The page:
Sometimes it's hard to separate fact from fiction, especially with the many myths that involve animals. Their behavior can certainly be mysterious to say the least, so it's no wonder that some of these creatures have become the focal point of speculation. Take a peek at these 10 animal myths and discover which ones are actually true and which are merely urban legend.

10. An Elephant Never Forgets
 This expression likely stemmed from the fact that the elephant has the biggest brain of all land animals — and apparently, the bigger the mass, the better the memory. Elephants are able to retain a mental map of their entire home range — we're talking an area the size of Rhode Island! Elephants also travel in packs and when the group gets too big, the eldest daughter breaks off to start her own contingent, yet she never forgets her roots. One researcher witnessed a mother and daughter elephant recognizing each other after 23 years of separation. MYTH VERDICT: TRUE

9. Crocodiles Are Crybabies
 Terence Trent D'arby sang about crocodile tears in his hit song "Wishing Well," but the phrase that implies expressing fake emotion actually comes from an ancient fable that crocodiles weep while both luring and killing their prey. In reality, crocodiles can't chew, so they are forced to rip their food into chunks and swallow them whole. As luck would have it, the glands that keep their eyes moist are right near their throats, so their eating habits actually force tears into their eyes. MYTH VERDICT: TRUE

8. March Hares Are Mad
 The expression "Mad as a March Hare" may be foreign to many, except for those who spent a lot of time hobnobbing during the 1500s when the saying first came into fashion. Back then, "mad" meant crazy or wild, and this could certainly be used to describe the behavior that was commonly exhibited by the normally shy and quiet hare during the spring mating season (which in Europe primarily meant the month of March). Their odd conduct included boxing with potential paramours, but contrary to early belief, it was the female throwing the one-two punch. MYTH VERDICT: TRUE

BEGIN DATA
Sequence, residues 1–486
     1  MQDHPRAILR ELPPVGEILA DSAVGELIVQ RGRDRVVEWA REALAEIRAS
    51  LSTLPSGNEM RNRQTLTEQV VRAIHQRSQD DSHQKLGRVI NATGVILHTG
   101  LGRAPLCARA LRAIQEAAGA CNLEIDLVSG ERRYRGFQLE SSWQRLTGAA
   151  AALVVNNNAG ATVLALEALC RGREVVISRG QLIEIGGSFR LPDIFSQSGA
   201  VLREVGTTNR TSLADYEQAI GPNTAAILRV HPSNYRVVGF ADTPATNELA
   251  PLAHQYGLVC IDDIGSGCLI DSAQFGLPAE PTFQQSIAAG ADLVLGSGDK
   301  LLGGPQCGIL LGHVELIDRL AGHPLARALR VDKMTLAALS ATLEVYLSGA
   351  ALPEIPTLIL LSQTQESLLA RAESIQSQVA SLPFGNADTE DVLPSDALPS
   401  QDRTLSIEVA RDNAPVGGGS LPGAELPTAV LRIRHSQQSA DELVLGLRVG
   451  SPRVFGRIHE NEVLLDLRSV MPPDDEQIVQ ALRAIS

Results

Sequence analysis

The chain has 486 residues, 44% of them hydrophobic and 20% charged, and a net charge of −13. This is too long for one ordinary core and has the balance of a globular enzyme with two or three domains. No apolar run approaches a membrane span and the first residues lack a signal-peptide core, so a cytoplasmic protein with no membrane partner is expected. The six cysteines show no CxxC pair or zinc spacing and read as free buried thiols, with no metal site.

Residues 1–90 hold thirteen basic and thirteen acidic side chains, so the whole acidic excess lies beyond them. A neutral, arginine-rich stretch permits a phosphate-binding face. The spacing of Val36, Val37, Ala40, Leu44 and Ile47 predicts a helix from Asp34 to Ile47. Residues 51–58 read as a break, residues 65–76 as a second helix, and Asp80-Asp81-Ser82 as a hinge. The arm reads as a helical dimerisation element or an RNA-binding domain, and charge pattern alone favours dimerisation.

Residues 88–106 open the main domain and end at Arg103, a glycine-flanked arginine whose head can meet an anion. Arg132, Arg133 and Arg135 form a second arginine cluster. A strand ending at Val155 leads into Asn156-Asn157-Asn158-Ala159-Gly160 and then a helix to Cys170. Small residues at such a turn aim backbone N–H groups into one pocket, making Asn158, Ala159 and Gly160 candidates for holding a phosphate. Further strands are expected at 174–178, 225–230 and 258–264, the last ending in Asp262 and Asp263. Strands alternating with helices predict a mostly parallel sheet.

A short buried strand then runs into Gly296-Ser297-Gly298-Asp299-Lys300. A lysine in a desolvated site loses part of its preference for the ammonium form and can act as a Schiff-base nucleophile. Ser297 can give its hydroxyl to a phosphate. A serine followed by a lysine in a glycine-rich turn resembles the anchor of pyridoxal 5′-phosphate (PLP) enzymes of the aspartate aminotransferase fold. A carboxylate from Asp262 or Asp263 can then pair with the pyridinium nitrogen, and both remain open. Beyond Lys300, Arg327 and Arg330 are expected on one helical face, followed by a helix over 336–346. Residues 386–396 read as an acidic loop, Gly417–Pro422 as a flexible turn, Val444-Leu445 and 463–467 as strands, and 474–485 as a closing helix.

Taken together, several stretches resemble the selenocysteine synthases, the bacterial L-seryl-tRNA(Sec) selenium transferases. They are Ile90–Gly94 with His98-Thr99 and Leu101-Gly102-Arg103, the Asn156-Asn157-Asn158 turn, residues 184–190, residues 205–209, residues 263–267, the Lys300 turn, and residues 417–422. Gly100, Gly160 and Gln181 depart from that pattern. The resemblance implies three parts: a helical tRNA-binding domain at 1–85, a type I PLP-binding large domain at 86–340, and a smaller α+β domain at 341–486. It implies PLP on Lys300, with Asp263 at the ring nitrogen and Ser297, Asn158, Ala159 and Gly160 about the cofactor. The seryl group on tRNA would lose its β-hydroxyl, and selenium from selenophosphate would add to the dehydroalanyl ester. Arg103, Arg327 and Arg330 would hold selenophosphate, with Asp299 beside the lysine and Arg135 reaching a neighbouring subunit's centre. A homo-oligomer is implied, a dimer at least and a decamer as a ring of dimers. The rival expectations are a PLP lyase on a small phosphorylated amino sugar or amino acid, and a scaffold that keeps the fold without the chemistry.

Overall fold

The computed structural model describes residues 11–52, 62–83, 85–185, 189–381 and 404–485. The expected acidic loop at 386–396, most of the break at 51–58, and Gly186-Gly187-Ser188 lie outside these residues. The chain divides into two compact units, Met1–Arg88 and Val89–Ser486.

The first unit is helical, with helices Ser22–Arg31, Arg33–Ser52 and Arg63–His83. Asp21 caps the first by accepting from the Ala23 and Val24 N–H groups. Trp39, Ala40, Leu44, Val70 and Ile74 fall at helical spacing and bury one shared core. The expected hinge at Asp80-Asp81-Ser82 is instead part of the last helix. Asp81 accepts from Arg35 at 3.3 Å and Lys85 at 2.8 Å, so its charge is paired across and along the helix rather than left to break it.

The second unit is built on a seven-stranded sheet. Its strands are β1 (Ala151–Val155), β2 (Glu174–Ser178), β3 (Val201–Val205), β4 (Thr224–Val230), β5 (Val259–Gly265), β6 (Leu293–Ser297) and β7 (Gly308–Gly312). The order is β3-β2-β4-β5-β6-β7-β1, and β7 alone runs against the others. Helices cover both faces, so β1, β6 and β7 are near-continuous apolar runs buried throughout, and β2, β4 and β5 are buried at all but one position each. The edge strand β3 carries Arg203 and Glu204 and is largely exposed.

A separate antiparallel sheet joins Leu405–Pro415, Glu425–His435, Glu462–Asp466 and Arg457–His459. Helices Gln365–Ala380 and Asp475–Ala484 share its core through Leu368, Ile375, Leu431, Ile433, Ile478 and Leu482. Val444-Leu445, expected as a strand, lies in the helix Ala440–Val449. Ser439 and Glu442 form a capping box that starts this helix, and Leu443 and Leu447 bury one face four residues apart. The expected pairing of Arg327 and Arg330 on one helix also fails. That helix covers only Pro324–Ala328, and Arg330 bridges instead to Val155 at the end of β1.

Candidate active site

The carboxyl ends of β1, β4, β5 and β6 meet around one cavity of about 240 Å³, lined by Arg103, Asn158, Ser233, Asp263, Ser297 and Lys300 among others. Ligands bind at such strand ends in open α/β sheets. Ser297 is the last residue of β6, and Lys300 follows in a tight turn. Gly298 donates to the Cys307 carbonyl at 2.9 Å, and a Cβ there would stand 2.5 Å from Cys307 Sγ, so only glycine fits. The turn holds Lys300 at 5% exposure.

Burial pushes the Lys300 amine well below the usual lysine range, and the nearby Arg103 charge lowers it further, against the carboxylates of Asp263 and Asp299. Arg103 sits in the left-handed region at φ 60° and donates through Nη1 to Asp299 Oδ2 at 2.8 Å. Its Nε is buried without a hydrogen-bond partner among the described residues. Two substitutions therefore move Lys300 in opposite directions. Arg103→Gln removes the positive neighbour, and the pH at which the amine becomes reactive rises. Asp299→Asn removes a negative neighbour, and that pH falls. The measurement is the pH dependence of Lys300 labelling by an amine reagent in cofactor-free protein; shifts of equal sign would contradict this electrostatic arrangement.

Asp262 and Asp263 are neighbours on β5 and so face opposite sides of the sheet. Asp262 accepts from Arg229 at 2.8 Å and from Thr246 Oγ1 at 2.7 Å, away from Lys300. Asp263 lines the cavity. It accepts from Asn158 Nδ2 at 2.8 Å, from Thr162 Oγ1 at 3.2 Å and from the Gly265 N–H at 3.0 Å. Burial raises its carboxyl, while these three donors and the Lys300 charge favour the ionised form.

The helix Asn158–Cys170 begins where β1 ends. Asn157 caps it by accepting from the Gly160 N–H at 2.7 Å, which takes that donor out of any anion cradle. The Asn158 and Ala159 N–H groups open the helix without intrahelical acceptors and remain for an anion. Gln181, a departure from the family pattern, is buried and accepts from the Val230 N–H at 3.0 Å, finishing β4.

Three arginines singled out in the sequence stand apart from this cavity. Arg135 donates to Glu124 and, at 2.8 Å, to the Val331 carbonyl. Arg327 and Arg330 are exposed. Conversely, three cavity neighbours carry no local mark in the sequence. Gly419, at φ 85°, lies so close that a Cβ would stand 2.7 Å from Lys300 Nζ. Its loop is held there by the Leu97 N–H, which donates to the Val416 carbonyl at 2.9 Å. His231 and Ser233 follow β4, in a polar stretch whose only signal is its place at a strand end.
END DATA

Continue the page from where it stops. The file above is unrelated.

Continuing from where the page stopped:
7. Groundhogs Can Predict the Arrival of Spring
 It's the only mammal to have its own day named after it and as legend goes, every Feb. 2, the groundhog emerges from hibernation. If it sees its shadow, six more weeks of winter lie ahead, and if not, spring is on the way! The most famous groundhog of all is Punxsutawney Phil, named in honor of his hometown in Pennsylvania where he acts as the spokesperson for all groundhogs. So how much stock should you put in his predictions? In reality, groundhogs prepare for six months of hibernation by eating up to one-third of their weight on daily basis. When they emerge, they actually do respond to changes in light and temperature, two factors that play a part in determining the forecast. MYTH VERDICT: TRUE

6. Are Bats Really Blind?
 This saying has become a fixture of everyday vernacular and the assumption likely developed because bats primarily use a form of sonar to navigate through dark areas and avoid obstacles. However, their eyes, while small and sometimes poorly developed, are also completely functional, not to mention the fact that they have excellent hearing and sense of smell. Perhaps the saying should be changed to "Keen as a Bat"? MYTH VERDICT: FALSE

5. You Can't Teach an Old Dog New Tricks